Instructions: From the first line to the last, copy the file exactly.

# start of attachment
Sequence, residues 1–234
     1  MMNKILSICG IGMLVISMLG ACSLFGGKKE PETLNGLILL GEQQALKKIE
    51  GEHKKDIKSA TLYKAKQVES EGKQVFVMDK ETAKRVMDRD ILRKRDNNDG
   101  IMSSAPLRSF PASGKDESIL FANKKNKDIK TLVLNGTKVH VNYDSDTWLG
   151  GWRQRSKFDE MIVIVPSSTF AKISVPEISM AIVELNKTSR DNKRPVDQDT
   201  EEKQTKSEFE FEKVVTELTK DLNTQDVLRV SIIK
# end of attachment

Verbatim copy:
Sequence, residues 1–234
     1  MMNKILSICG IGMLVISMLG ACSLFGGKKE PETLNGLILL GEQQALKKIE
    51  GEHKKDIKSA TLYKAKQVES EGKQVFVMDK ETAKRVMDRD ILRKRDNNDG
   101  IMSSAPLRSF PASGKDESIL FANKKNKDIK TLVLNGTKVH VNYDSDTWLG
   151  GWRQRSKFDE MIVIVPSSTF AKISVPEISM AIVELNKTSR DNKRPVDQDT
   201  EEKQTKSEFE FEKVVTELTK DLNTQDVLRV SIIK